To be certain that your deposit accounts are distributed in accordance with your will and that each of your heirs receives the amount that you intend, you may wish to place the bulk of your deposit assets in an account which does not have a “P.O.D.” provision.  Obviously, if everything is to go to one person (such as a surviving spouse), a P.O.D. account creates no harm, but if you have three children who are to split the account equally, a P.O.D. account which names only one of your children may yield an unwanted result.  It must be remembered that P.O.D. accounts do not become an asset in your probate estate and, therefore, are not governed by the instructions in your will.  This can be either a “blessing” or a “curse” depending on what result you seek.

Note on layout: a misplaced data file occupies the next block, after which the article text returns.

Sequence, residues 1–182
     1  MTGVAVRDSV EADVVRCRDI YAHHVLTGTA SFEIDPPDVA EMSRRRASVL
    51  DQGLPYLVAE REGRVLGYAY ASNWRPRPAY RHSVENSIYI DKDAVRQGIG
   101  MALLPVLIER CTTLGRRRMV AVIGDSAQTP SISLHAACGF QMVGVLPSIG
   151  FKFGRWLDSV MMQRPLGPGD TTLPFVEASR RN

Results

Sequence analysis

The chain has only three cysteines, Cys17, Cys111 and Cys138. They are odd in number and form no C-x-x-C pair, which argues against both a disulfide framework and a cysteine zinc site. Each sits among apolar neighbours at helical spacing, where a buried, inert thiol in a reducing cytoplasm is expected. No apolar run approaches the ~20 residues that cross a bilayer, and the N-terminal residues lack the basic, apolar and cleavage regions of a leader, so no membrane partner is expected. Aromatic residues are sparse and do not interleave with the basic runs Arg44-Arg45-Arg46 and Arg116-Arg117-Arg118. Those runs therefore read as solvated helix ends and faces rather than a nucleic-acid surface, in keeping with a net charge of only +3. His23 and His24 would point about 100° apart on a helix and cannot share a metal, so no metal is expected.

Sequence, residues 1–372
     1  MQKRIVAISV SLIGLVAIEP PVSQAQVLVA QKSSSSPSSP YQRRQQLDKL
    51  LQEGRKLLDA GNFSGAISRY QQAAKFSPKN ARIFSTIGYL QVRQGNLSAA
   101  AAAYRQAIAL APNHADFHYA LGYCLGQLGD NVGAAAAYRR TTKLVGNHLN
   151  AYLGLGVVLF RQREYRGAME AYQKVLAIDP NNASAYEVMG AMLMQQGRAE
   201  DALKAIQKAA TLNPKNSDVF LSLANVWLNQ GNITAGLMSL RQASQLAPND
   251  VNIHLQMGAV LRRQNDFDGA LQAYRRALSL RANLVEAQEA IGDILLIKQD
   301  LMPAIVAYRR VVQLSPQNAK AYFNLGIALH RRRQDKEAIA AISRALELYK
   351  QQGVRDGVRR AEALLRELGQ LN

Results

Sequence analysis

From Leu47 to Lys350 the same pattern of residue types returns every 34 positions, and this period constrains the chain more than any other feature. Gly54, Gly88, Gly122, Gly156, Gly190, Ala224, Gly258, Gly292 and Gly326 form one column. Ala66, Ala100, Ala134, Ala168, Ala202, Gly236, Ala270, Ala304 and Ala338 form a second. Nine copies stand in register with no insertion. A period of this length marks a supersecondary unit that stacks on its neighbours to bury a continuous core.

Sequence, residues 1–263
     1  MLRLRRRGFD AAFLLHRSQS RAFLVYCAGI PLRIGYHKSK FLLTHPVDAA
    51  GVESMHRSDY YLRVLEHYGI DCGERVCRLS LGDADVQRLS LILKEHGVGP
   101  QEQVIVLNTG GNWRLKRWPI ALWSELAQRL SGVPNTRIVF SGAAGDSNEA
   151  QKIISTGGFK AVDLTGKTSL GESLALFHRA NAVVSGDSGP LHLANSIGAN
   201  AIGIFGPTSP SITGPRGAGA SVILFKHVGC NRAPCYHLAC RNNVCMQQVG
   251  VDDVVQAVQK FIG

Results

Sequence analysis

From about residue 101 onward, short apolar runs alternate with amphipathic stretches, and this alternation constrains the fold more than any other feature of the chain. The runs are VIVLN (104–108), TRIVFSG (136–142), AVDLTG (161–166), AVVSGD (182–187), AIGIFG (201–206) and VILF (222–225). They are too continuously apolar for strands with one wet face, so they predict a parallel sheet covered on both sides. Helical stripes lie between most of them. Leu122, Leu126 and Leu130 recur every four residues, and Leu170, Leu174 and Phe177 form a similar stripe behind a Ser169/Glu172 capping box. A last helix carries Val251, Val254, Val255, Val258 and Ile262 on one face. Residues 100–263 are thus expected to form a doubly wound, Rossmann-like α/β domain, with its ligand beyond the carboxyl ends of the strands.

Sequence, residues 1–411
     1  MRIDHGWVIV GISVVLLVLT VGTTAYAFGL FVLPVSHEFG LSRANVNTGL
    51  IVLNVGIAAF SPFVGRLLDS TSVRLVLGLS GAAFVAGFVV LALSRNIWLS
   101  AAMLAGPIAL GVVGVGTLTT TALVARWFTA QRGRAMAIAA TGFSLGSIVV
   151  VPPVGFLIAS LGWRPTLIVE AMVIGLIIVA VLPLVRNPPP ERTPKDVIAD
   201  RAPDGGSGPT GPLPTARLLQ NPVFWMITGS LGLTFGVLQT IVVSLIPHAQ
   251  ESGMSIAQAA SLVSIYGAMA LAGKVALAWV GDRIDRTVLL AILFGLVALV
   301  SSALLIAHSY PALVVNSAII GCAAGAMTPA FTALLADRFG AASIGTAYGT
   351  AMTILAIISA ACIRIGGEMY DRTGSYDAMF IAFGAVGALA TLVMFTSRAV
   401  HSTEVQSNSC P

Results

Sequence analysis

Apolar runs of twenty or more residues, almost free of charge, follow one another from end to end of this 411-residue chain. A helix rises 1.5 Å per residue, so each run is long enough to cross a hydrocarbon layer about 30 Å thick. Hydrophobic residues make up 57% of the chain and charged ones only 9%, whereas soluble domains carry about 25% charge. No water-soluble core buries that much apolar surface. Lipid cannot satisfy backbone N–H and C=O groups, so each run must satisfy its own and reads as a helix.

As always, you can find help (if needed) by consulting your financial advisor, banker or attorney.

James Bright is admitted to practice before the Federal Courts for the Southern District of Texas and Eastern District of Texas as well as all of the Justice Courts, Probate Courts, County Courts at Law, District Courts, Courts of Appeal and Supreme Court for the State of Texas.  He maintains an office in Houston and by appointment another at  208 McCown Street in the heart of historic Montgomery.  Contact may be made by telephone (936) 449-4455 or (281) 586-8277.  For more information about wills or probate in Texas, please see- www.houstontxprobate.com